The Best and Worst Places to Be a Mom

GWEN IFILL: We turn now to a new report which ranks the countries where mothers and their children are at the most and the least risk.

The international nonprofit Save the Children finds Norway the healthiest for the third year in a row, the worst, the West African nation of Niger. It replaced Afghanistan, which moved up one spot from last year. The United States ranked 25th.

For more on the report, we're joined by Save the Children president and CEO Carolyn Miles.

Welcome, Ms. Miles.

CAROLYN MILES, president, Save the Children: Thank you, Gwen.

GWEN IFILL: Give us a sense of what measures you're using to come up with these rankings.

CAROLYN MILES: Well, we looked at a wide variety of measures, really looking at things like child mortality, maternal mortality, the education of women and girls, economic empowerment of women, even the political involvement of women, because all of those give us a good indicator of the status of women in those countries, which really impacts what it's like to be a mom there.

GWEN IFILL: So, what. . .

CAROLYN MILES: We also looked at things like maternity leave, so all sorts of factors.

GWEN IFILL: So what's the difference in the end in the rankings between the top 10 and the bottom 10?

CAROLYN MILES: Well, it's interesting.

They're really kind of almost a mirror of each other. So all those indicators I talked with — about are great for the top 10, and they're all quite poor for the bottom 10. So an example would be if we compare Norway and Niger, as you said, number one and number 165.

So, in Niger, only one in three births are attended by any kind of skilled attendant. And some of these births are actually women giving birth all by themselves, whereas, in Norway, virtually every birth is attended by a skilled birth attendant.

Things like education rates for girls, so about four years on average in Niger, 18 years in Norway. Probably, for me, as a mom, the most shocking statistic actually from this year's report is that, in Niger, virtually every mother will lose a child before the age of 5, will lose one of her children. So that to me, as a mom, is a pretty shocking statistic, so really across the board.

GWEN IFILL: It's a pretty shocking — it's pretty shocking statistics. And I wonder how much of this is also driven by malnutrition not only involving the mothers, but also the children.

CAROLYN MILES: Yeah, we really looked at malnutrition this year as a huge factor and looked at hunger; 170 million kids across the world are malnourished. That's about one in four children.

And that has a big, big impact on child health. So of the seven-and-a-half million kids that die under the age of 5, about a third of them are malnourished. So when a child gets sick, they die from very common illnesses if they're malnourished.

GWEN IFILL: I was also interested in something in the report about educational attainment for girls. That's — you wouldn't think about that as having to do with health, necessarily.

CAROLYN MILES: Well, the reason it's a key indicator in this report is that we have actually done a lot of work on this issue. The longer you keep girls in school, the longer they delay having their first child. And that child will be much healthier.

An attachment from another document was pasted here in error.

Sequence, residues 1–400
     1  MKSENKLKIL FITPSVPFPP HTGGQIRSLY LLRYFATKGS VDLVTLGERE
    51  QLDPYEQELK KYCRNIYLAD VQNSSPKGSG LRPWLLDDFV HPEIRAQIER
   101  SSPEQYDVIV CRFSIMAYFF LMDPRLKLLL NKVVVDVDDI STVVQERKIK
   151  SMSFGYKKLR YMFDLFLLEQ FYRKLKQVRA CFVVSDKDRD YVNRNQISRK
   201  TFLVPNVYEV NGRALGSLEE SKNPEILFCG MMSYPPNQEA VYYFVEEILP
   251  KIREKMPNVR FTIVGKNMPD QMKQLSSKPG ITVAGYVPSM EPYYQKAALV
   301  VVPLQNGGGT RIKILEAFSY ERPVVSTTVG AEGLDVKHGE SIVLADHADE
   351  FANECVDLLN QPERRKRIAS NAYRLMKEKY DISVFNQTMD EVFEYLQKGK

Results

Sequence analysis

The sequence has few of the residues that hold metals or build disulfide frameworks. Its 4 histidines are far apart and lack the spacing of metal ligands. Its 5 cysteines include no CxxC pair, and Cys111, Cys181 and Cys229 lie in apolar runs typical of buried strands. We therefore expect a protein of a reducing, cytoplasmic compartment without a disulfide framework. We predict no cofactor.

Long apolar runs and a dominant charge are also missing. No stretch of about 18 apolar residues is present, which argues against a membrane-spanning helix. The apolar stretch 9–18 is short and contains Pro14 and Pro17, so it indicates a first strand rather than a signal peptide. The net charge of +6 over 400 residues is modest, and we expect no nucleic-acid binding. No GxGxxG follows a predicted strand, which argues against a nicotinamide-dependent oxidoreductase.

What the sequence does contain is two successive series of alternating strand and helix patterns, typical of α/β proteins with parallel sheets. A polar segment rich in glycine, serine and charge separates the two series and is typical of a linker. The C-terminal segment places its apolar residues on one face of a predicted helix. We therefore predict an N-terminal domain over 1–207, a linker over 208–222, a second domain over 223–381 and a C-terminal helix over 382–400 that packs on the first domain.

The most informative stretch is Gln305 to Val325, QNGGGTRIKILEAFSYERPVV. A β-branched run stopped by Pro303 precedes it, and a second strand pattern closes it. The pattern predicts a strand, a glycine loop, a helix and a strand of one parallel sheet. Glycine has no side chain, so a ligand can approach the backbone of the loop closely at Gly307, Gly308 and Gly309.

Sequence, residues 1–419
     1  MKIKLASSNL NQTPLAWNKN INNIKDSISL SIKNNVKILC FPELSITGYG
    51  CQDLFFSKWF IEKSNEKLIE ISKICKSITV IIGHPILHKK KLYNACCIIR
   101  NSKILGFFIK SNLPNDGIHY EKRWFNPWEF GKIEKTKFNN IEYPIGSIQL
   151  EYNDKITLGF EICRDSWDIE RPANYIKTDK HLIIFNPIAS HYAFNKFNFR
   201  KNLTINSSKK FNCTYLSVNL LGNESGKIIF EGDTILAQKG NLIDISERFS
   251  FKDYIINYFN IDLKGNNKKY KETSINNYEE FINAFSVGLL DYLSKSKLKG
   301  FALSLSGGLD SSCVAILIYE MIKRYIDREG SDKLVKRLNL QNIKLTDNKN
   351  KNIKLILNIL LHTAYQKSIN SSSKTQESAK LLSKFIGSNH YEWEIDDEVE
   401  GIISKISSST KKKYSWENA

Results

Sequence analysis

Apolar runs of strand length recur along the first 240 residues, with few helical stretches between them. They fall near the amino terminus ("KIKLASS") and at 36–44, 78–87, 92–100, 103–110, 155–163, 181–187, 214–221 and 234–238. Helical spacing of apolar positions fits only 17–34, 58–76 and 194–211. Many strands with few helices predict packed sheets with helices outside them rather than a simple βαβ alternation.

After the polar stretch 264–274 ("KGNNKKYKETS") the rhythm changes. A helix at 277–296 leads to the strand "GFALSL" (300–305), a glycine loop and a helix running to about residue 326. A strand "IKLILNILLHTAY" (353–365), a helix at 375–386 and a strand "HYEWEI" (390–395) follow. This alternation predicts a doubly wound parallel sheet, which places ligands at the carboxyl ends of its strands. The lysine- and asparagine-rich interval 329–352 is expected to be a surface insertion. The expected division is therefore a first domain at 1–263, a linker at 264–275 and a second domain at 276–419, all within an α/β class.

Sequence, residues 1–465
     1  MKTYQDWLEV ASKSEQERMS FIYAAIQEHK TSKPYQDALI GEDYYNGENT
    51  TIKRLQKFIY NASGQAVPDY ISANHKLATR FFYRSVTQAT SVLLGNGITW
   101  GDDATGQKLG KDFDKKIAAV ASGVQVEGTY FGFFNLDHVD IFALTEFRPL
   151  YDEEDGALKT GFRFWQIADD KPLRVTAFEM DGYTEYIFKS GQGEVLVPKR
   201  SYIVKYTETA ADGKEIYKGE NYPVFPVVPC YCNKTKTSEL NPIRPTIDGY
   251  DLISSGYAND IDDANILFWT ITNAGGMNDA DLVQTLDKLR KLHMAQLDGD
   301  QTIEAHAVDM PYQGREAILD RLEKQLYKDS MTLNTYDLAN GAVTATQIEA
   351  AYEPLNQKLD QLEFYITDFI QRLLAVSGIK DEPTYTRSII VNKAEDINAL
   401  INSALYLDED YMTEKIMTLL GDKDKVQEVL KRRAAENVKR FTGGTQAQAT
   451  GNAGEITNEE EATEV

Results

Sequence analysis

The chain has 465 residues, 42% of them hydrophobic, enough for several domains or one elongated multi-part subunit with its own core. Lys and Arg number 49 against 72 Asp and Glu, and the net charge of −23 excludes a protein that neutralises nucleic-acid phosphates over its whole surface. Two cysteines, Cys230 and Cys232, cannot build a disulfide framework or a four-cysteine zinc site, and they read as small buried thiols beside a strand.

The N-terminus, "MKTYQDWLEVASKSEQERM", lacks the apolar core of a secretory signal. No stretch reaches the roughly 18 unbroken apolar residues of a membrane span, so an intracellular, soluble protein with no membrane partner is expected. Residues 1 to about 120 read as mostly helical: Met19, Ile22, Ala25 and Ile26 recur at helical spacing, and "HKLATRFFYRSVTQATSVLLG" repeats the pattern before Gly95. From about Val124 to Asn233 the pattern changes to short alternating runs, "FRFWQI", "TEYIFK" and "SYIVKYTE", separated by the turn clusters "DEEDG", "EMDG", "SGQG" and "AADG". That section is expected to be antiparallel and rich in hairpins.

A girl who has a baby at 14 is a much higher-risk pregnancy and a much higher risk for that baby than if the girl waits until she's 17 or 18. And if she stays in school, it's much more likely she is going to wait until she's older. So that's why girls' education is actually so important.

GWEN IFILL: I was also interested in the — in the status of Afghanistan which was dead last, last time you took this report, and now has moved up. What happened in Afghanistan?

CAROLYN MILES: Well, there actually are some good bright spots in this report, and Afghanistan is one of those.

Afghanistan did move up. It doesn't sound like a lot, but moving up from last to not being last anymore is big. And a lot of that was driven by education rates, actually. So the years and years that people have been working on getting girls into school is really starting to show up in terms of the health of mothers and of babies there. So that was a big change.

GWEN IFILL: And also the — and also the proliferation of community health centers from — I think from 2,500 in 2008 to 22,000 now, that's a lot.

CAROLYN MILES: That's right.

And a lot of these health centers are in the places where moms and babies do die, kind of at the end of the health system, if you will, at the end of the road, really remote areas where these moms are oftentimes giving birth at home. So, having a health clinic close at hand really saves lives.

GWEN IFILL: And, finally, I have to ask you, why is it that the U.S. ranks 25th? You would assume, if it wasn't number one, it would at least be in the top 10 or the top 20.

CAROLYN MILES: Yes. I think the number 25 for the U.S. is really surprising. Actually, the U.S. moved up six spots this year, so we were 30 — the U.S. was 31 last year.

But we still have very high rates, relatively, of maternal mortality in the country. One in 2,100 births result in the death of the mother. And we still have some very high rates of child mortality as well. So it's because of poverty in the United States, the big gap between health care that's available for well-off women vs. very poor women, and that's really a huge gap still in the United States.

GWEN IFILL: Carolyn Miles of Save the Children, thank you so much.

CAROLYN MILES: Thank you, Gwen.

GWEN IFILL: You can find a slide show of the best and worst places for maternal and child health on our website.

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